Saint Theresa Parish

A Roman Catholic Community
5045 E. Thomas Road
Phoenix, AZ 85018
(602) 840-0850 Parish Office
(602) 840-0871 Parish Fax  

Parish Email

Parish Office Hours
Monday through Thursday
9:00AM-Noon & 1:00PM-5:00PM
Friday 9:00AM-Noon          Sunday 8:30AM-12:30PM

Closed Saturdays
& most Federal Holidays.

Liturgy Schedule
Saturday Vigil Mass 4PM
Sunday Masses
9:00AM (Liturgy with Children)
11:00AM and
5:00PM (Teen and Young Adult)

Daily Masses
Monday through Friday
6:30AM and Saturday at 8:00AM
Holy Day Masses as announced in bulletin prior to the Holy Day.

Sacrament of Reconciliation
Saturday, 9:00AM to 10:00AM
Wednesday, 5:00PM to 6:00PM and by appointment


Rev. Charles G. Kieffer

Parochial Vicar 

(Associate Pastor)

Rev. Joachim Adeyemi

Rev. J.C. Ortiz

Assisting Priest

Rev. Paul Peri


Colin F. Campbell

Mark Kriese

Ralph Ulibarri


Saint Theresa Catholic School
5001 East Thomas Road
Phoenix, AZ 85018

(602) 840-0010 School Office
(602) 840-8323 School Fax



« Reflections - December 9, 2018 | Main | Reflections - November 25, 2018 »

Reflections - December 2, 2018

My Brothers and Sisters,

On this first Sunday of the new Church Year – the beginning of the Season of Advent – we are confronted with a “scary” Gospel reading (Luke 21: 25-28, 34-36) in which Jesus uses quite a bit of apocalyptic (end-times) imagery. It’s something like the Gospel from two Sundays ago, Mark 13: 24-32, that spoke of the end of the world being accompanied by the darkening of the sun and the moon, stars falling out of the sky and “the powers in the heavens being shaken.” 

While most Catholic Christians are familiar with the fact that we hear readings about the end of the world and the final judgement towards the conclusion of the Church Year… it may be startling to hear that theme continued in the Gospel of the very first day of the new Church Year. Wouldn’t you think that the Church would start its new year with a more upbeat, positive reading?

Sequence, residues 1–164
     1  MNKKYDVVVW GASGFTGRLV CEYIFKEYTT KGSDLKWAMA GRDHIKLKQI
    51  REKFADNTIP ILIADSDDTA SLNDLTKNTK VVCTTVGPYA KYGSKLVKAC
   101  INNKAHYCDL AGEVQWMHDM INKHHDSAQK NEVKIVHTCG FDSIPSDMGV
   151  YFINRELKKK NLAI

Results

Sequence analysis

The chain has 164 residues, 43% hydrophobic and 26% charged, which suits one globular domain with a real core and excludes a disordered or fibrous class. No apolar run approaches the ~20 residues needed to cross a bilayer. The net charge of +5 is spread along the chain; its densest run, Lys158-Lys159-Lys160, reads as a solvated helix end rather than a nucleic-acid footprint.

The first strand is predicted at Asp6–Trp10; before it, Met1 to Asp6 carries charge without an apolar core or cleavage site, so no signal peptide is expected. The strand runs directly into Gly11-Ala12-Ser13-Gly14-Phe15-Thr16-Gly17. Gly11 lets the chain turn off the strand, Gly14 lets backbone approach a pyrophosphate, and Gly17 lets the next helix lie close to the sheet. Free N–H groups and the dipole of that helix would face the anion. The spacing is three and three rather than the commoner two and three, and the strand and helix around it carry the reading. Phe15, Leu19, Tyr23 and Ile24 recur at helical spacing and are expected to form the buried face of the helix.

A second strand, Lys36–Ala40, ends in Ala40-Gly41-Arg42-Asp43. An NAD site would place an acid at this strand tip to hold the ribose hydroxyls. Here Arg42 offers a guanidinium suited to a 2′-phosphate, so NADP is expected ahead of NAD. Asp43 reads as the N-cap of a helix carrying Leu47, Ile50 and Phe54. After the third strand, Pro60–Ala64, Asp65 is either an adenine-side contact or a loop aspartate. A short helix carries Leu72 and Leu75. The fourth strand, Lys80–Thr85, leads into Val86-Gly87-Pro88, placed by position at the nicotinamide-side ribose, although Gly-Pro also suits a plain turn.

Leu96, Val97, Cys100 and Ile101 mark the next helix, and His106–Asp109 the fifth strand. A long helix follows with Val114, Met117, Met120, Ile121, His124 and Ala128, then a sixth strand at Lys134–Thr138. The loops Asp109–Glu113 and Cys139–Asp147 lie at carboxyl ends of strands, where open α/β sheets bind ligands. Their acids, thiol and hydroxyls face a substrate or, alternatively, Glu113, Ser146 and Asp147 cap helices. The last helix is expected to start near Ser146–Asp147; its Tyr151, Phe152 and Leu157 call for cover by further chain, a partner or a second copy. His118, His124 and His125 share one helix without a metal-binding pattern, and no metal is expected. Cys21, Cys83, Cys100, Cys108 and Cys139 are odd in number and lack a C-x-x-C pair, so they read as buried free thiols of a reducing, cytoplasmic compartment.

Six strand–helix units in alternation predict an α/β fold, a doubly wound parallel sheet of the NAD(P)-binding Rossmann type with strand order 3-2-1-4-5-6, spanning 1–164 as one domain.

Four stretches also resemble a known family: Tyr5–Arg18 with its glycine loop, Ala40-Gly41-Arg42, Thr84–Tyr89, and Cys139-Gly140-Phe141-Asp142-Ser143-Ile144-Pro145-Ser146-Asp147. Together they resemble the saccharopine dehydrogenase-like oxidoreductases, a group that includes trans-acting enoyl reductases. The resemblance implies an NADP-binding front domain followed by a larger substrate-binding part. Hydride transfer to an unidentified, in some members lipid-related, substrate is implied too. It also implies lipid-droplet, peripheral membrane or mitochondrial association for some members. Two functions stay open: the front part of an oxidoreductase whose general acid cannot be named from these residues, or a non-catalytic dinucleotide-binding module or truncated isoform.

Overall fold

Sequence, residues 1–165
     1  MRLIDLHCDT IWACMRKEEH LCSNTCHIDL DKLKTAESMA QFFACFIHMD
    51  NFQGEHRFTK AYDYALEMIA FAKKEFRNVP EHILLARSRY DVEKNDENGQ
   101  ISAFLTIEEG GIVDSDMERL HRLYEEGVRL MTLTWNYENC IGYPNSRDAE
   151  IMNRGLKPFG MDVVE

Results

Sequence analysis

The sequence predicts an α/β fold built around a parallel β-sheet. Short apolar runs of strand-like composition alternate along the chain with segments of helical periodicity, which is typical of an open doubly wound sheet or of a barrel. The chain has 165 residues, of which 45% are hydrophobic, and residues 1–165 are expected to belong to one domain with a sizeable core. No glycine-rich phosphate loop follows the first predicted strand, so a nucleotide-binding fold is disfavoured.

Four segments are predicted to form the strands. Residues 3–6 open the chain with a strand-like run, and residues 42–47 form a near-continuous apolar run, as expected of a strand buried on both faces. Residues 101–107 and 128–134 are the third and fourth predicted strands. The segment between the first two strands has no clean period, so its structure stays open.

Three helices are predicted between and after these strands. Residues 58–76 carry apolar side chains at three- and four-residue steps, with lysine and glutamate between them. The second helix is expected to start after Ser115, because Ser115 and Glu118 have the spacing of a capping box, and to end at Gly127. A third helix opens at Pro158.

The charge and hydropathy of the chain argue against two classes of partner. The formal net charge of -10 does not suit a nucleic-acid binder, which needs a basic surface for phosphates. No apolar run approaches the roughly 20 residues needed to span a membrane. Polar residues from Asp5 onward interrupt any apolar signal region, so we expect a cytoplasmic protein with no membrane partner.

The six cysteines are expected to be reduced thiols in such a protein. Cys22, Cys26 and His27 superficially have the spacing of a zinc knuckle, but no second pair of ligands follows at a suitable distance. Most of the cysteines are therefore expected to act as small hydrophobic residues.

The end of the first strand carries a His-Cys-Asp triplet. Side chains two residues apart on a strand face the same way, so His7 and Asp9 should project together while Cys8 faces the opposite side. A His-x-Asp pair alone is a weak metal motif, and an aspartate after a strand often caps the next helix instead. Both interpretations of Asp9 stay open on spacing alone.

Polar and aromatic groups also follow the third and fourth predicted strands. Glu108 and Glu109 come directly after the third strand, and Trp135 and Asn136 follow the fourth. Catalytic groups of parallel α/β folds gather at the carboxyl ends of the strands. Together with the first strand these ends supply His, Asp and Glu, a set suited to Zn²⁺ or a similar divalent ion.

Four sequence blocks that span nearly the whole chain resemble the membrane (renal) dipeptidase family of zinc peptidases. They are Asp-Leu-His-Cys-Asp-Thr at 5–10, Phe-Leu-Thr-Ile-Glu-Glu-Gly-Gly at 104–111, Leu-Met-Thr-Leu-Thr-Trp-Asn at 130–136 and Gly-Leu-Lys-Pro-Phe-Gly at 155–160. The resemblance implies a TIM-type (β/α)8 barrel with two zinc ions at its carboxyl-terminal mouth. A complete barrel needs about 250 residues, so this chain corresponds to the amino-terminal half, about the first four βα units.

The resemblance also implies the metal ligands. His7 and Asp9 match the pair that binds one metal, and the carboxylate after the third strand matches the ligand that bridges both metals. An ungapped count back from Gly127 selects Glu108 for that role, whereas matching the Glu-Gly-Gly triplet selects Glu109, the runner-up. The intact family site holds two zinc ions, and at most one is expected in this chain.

Actually (and perhaps unsurprisingly) this Gospel selection is very deliberate. Many of us are aware that Advent is a season of preparation for the coming of Christ. Often, though, we think that this season is all about our preparation for Christmas: the coming of Christ in history, or his “first” coming.  But in fact, Advent has a two-fold nature in helping us prepare for Christ’s coming: in the first part of Advent (up until December 17th), we focus on our preparation for Jesus Second Coming – that moment, that no one can predict, when he will return in glory at the end of time.  Hence, today’s apocalyptic Gospel passage. Then, from the 17th until the 24th, Advent focus us on our preparation to celebrate and commemorate Christ’s First Coming: in the manger at Bethlehem on Christmas Day, when “God became flesh and dwelt among us.”

So, what are we to make of today’s Gospel reading? While the images sound terrifying (“People will die of fright in anticipation of what is coming upon the world…”), as Christ’s disciples we are invited to focus ourselves on the pivotal verse of this passage: “But when these signs begin to happen, stand erect and raise your heads because your redemption is at hand” (Lk. 21:28). You see, if we make our best effort to live out our discipleship each day, we will be able to stand erect and raise our heads – rather than cowering in fear – when the Lord returns in glory at that time no one can predict. How exactly can we make our best effort to live out our discipleship each day? Well, Jesus gives us what can be considered the ultimate standard of discipleship in the Greatest Commandment: “Love the Lord your God with your whole heart, your whole soul, all your mind and all your heart… and love your neighbor as yourself” (Matthew 22:37-39). To see some very practical applications of the Greatest Commandment (a “how to list” of living out this commandment), check out Matthew 25:31-46.

As we begin Advent, we rely on God’s grace to be our strength so that we can practice our discipleship each day – preparing joyfully for that time when we shall behold our God face-to-face.


Advent blessings and peace,

Rev. Charles G. Kieffer